I really don’t think this demand for acknowledgement is a personality trait so much as it’s a subconscious response to the way society as a whole treats the disabled. It’s as if she is silently telling others that they don’t have to like her, but they will not ignore her. Hope confronts the world in the same way. Still there’s a vast difference between being acknowledged and being befriended.

In the world we live in people have all kinds of motives for the ways they interact with others. Sometimes inspired by simple curtesy, shared interests or as a ministry project. Sometimes motivated by what another can do for them. Social interaction is a complicated and messy endeavor.

However, Hope and Gracen cannot be found silently sitting on the sidelines, enabling others to pridefully pat themselves on their backs for their inclusive character or acts of service for the Lord. No, Hope and Gracen can be found at a prominent table in the center of the room living large with strong opinions and copious amounts of sassy sarcasm – holding their own and dismissing those who see them as less than others. 

And you know what? Hope and Gracen gladly invite you to their table because they have something of value to offer others, not because they have any need of help themselves. They don’t need the benevolent kindness of others (when it’s motivated by nothing more than thinly disguised pity) in lieu of true friendship.

The bottom line, of course, is that we all want to be liked and appreciated for who we are underneath all the subterfuge of human interaction. We all desire to be understood and wanted, warts and all.

Hope is her name, but it is also the gift she bestows upon Gracen and others who have found themselves living outside the norms of society. She serves as a reminder to others that their lives hold purpose and contribute to the world at large. 

Hope is not the girl who goes silently into the night. Hope sweeps in like a hurricane, disrupting and reordering the people around her. She doesn’t leave a trail of destruction behind her; but she does leave others with the awareness that she is a person, not a project.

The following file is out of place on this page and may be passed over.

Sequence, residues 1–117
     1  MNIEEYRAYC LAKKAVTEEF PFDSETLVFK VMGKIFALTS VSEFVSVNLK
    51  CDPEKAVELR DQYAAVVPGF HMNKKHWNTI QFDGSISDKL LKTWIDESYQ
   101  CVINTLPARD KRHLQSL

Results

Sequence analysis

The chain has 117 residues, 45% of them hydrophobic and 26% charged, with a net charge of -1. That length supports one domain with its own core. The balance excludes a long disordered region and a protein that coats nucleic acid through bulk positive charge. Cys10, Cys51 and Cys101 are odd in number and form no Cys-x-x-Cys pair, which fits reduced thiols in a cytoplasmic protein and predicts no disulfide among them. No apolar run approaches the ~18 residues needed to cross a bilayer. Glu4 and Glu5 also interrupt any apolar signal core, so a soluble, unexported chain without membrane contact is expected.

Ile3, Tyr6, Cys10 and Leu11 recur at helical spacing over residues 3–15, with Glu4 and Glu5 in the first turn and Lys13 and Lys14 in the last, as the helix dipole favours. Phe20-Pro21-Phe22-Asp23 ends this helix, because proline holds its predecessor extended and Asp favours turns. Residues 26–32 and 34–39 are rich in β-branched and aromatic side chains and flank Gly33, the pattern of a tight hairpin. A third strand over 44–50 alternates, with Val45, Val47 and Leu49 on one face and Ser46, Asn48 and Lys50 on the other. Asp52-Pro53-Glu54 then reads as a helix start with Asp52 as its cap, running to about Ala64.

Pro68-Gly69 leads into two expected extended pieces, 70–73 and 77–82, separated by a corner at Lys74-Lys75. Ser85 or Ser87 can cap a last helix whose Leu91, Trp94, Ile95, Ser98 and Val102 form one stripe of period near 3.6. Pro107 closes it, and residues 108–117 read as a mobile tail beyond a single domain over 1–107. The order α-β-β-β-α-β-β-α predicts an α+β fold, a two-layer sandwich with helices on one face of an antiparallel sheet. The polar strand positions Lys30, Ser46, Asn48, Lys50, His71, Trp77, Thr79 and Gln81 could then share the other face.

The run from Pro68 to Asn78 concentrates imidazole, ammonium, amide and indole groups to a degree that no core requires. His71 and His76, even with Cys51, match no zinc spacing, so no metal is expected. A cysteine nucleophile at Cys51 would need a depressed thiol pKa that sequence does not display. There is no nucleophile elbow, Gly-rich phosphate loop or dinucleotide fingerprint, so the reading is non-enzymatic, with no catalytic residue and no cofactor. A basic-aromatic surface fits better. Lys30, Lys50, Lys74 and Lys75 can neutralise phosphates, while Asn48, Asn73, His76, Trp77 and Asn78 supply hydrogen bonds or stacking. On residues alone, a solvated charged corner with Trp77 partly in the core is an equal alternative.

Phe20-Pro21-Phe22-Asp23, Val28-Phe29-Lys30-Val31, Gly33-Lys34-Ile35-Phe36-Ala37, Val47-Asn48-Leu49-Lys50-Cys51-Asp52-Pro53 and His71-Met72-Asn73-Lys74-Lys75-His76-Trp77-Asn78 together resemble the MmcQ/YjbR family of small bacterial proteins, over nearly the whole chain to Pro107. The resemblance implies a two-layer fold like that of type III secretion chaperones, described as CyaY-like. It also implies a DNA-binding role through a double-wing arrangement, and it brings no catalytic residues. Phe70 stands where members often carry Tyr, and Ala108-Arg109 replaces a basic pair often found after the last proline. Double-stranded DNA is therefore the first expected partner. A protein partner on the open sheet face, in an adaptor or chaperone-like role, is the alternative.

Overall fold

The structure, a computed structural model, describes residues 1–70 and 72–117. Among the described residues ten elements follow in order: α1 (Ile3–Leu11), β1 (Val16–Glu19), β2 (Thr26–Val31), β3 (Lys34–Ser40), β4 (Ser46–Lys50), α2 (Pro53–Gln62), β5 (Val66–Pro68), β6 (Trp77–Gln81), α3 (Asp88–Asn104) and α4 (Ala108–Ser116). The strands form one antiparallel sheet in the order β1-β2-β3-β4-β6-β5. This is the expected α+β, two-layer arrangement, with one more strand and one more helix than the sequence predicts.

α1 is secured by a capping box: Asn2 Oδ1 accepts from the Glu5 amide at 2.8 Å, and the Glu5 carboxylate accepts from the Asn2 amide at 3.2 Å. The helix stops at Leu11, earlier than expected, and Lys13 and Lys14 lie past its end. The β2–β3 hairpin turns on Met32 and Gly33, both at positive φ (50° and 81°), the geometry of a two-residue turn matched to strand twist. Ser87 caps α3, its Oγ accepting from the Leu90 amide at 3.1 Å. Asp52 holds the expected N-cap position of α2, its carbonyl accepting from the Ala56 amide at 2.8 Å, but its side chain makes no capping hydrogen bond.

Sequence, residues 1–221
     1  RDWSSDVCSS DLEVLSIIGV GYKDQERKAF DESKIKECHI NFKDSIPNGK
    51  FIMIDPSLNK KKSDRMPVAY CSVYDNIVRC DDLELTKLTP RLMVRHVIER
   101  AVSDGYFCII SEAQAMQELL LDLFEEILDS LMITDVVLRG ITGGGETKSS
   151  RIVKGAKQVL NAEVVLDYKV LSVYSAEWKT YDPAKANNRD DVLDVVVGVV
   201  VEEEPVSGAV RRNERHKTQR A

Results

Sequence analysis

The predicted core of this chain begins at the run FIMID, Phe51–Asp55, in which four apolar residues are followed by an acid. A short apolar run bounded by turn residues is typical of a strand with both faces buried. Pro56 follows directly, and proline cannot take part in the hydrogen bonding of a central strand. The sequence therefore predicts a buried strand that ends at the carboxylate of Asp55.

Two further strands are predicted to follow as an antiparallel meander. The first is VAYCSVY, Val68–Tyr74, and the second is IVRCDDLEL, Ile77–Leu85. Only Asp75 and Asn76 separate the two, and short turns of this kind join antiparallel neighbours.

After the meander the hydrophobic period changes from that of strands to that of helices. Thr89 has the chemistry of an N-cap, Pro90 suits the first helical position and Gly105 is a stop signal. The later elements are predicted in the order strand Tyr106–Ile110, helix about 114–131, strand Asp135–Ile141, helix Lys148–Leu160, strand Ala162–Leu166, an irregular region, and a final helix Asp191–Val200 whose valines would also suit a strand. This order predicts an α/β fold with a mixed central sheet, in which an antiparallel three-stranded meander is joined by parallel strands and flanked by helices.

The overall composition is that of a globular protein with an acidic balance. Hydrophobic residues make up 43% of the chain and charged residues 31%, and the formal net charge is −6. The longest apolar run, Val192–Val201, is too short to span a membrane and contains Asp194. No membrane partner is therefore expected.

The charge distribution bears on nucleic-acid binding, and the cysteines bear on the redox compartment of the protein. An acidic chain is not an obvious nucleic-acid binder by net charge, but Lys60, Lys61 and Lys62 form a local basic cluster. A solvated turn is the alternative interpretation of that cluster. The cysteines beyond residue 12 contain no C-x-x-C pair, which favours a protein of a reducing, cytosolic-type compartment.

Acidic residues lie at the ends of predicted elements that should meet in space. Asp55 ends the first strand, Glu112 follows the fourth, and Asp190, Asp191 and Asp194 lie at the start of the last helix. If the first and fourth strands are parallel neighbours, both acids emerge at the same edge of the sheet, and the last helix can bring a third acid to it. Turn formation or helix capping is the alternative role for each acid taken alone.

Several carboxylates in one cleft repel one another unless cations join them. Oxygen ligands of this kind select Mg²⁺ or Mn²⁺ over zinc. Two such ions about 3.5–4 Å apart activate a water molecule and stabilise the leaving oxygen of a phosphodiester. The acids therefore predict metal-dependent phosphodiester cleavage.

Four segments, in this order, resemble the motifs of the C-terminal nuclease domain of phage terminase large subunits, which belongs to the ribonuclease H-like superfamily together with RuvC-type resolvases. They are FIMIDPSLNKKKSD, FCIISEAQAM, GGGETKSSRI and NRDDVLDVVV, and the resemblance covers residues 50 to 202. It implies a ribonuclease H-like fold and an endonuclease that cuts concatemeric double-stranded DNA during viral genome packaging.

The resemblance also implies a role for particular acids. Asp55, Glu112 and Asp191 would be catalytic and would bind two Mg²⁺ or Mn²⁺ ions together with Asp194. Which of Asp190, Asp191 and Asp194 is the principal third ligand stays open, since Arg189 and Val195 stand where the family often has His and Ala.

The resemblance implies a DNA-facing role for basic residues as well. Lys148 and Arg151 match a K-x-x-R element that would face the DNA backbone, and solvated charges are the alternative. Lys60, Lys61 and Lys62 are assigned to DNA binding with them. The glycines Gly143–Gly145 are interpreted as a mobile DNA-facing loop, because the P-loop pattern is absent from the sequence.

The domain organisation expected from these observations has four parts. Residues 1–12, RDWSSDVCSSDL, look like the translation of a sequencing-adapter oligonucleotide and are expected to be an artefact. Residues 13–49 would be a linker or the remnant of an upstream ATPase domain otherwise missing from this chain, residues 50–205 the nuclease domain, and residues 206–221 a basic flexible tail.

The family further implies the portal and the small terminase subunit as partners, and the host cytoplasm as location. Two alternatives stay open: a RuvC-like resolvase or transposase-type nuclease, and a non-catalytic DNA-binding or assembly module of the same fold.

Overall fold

In Hope, Gracen found the first person who understands her from an experiential perspective. And that’s huge. 

Indescribably Huge!


They have shared attitudes, feelings and frustrations. They look at the world though a lens others cannot fathom, let alone comprehend. 

We all have a room in our hearts I refer to as the Ugly Closet. It’s the place where we hide all the feelings deemed unacceptable by society when everything within us cries out that those feelings are both reasonable and justified. When someone comes along and echoes those hurtful thoughts and feelings that door gets flung open in immediate and overwhelming relief. 

It looks a bit like that famous scene from When Harry Met Sally*, when Meg Ryan demonstrates a woman faking an orgasm in the middle of a diner (minus all the moaning and head tossing). She slaps her hand on the table emphatically shouting, “yes, Yes, YES!” in a comical portrayal of physical release. But I’ve seen that exact response (I mean the table slapping and shouting) when an individual completes the sentence, I feel like . . . the same way another would, “Oh my goodness (Slap), yes, Yes, YES (Slap)! That’s exactly how I feel (SLAP)!

That was the first gift of Hope.


“Yes, Yes, YES! (Slap)! Oh my goodness (Slap), yes, Yes, YES (Slap)! That’s exactly how I feel (SLAP)!

And those words, that sentiment, has echoed repeatedly through the air every time Hope and Gracen spend time together. Hope carries true friendship with her every time she powers her way through the front door. (She doesn’t really walk – she’s too much of a force of nature to do something so mundane).   

That’s why, anytime Hope comes to visit . . . 

I refer to it as a day of Hope.

*Okay, the When Harry Met Sally scene is not the best example (it’s kind of tacky), but I seriously couldn’t find another where the hand slapping and yes, yes, yeses were so emphatic, and that’s the image I want to leave you with, because it happens just like that.

 
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Posted by on September 11, 2017 in Adversity, Muscular Dystrophy